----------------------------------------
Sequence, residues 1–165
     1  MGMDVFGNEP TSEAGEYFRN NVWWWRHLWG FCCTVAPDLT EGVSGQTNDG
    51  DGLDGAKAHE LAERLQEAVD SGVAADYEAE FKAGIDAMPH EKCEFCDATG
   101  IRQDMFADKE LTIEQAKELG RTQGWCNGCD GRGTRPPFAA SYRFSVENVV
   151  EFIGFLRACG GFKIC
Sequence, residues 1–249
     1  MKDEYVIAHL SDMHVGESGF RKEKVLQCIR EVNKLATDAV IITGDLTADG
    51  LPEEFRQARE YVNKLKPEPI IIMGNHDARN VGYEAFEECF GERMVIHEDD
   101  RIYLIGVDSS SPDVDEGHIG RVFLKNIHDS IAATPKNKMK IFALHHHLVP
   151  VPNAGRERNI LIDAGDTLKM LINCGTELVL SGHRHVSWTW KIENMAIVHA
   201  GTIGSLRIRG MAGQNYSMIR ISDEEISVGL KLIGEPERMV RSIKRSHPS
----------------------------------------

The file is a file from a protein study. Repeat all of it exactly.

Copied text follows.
Sequence, residues 1–165
     1  MGMDVFGNEP TSEAGEYFRN NVWWWRHLWG FCCTVAPDLT EGVSGQTNDG
    51  DGLDGAKAHE LAERLQEAVD SGVAADYEAE FKAGIDAMPH EKCEFCDATG
   101  IRQDMFADKE LTIEQAKELG RTQGWCNGCD GRGTRPPFAA SYRFSVENVV
   151  EFIGFLRACG GFKIC
Sequence, residues 1–249
     1  MKDEYVIAHL SDMHVGESGF RKEKVLQCIR EVNKLATDAV IITGDLTADG
    51  LPEEFRQARE YVNKLKPEPI IIMGNHDARN VGYEAFEECF GERMVIHEDD
   101  RIYLIGVDSS SPDVDEGHIG RVFLKNIHDS IAATPKNKMK IFALHHHLVP
   151  VPNAGRERNI LIDAGDTLKM LINCGTELVL SGHRHVSWTW KIENMAIVHA
   201  GTIGSLRIRG MAGQNYSMIR ISDEEISVGL KLIGEPERMV RSIKRSHPS